LAFAYETTE, INDIANA - Without question, the western bean cutworm receives the insect pest of the year award for field crops in 2010. This dubious honor is bestowed not so much for its economic damage, but rather its surge in numbers and spread in its short existence in Indiana. This pest's eastward migration from the western Corn Belt within the last decade has amazed and baffled many, certainly forcing us into a steep learning curve. We are indebted to many who have helped with moth trapping and/or field reports over the last five years, no doubt this has been a team effort.
Pheromone trapping for adults in 2010 began with a flurry. Our first catch was in LaPorte County on June 17, ten days earlier than previous years. In just a week's time, nearly 1500 moths had been captured and reports were coming in of egg masses being found in pre-tassel corn. Initially western bean cutworm activity was highest in areas of lighter soils and continuous corn in the northwestern counties. This likely is due to their success in overwintering, as larvae must burrow below the frost line to survive our winters. Within a couple weeks, moth numbers increased beyond these areas into crops on heavier soils, indicating that a significant amount of adult dispersal occurs. Being strong fliers certainly supports their ability to migrate to new counties/states potentially finding suitable food and overwintering habitats.
Peak moth flight occurred during the first week of July. Many reports of egg masses were being received at this time from northern counties. A very important finding was that high moth captures were an indication of their activity in an area, but often not predictive of infestations in adjoining fields. Pest managers quickly found that scouting all fields was necessary, especially those soon to tassel. Female moths are very discriminating about which plants are chosen for egg deposition. To complicate matters, fields with plants at different stages of growth (due to uneven emergence or excessive moisture) created clumped distributions of egg masses throughout fields. Those scouting for egg masses often found fields well below the 5% infested plants threshold, yet returned weeks later to find a high percentage of ear tips infested. When one considers that egg laying occurs over four or more weeks, with 20 or more larvae emerging, it becomes obvious that fields need to be scouted multiple times, ideally at intervals of less than a week.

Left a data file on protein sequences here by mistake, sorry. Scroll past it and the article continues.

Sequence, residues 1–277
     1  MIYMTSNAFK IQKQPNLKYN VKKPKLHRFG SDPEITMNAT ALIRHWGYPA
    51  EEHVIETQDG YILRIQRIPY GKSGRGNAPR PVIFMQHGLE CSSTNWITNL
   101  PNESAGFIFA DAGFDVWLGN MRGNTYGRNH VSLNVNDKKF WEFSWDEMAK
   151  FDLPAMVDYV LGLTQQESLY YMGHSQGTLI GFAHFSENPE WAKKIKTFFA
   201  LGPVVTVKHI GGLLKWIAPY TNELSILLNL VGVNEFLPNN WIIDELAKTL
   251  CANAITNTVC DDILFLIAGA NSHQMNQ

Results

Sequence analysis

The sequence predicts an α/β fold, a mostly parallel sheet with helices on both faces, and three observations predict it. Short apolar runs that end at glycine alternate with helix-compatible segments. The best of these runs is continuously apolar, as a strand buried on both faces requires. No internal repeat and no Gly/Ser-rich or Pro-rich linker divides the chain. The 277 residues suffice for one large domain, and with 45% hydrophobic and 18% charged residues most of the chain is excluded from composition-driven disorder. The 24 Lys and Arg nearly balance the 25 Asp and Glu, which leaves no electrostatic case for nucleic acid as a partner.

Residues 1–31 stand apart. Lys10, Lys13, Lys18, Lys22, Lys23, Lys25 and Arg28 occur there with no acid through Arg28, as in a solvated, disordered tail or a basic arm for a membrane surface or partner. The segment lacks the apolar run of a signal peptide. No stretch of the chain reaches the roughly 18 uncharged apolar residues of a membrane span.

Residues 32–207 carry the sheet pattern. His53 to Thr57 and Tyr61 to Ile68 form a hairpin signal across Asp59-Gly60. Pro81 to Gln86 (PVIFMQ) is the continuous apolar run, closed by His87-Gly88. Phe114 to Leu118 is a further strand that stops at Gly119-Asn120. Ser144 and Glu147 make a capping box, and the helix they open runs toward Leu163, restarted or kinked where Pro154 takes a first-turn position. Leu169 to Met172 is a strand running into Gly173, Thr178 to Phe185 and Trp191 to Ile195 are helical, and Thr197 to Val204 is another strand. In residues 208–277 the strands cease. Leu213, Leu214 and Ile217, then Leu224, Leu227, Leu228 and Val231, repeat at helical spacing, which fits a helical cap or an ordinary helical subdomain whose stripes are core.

Scouting programs for western bean cutworm were implemented by several agribusinesses in northwestern and north-central counties of the state. Not only did scouts monitor for adult flights with pheromone traps, but they usually followed up with frequent sampling for egg masses and larvae. Multiple fields were found to be at or above treatment threshold and were treated on a timely basis, being before larvae entered the ear. Foliar insecticides (primarily pyrethroids) did an excellent job of controlling western bean cutworm. These successful programs provide an alternative to utilizing Bt traited corn expressing the Cry1F protein (i.e., Herculex 1, Herculex XTRA, and SmartStax) or Agrisure's Viptera, all of which provide good but not 100% control - slight damage is often found on kernels of these traited hybrids.
Perhaps the biggest surprise of the season was the range of damage found in east central Indiana and west central Ohio. Conducted by Harvest Land Co-op, and coordinated by Steve Dlugosz, personnel from participating retailers sampled 198 client's fields for presence/absence of western bean cutworm larvae in ear tips. Of the 18 Ag Centers scattered throughout this region, 11 of them found larvae and ear tip damage. Although overall damage was minor, this effort certainly gave us a clearer understanding of the potential of this pest to expand beyond the northern counties. Whether or not this pest overwinters and establishes in these areas and builds to threatening levels will become clear next season and beyond.
SOURCE: Purdue University Extension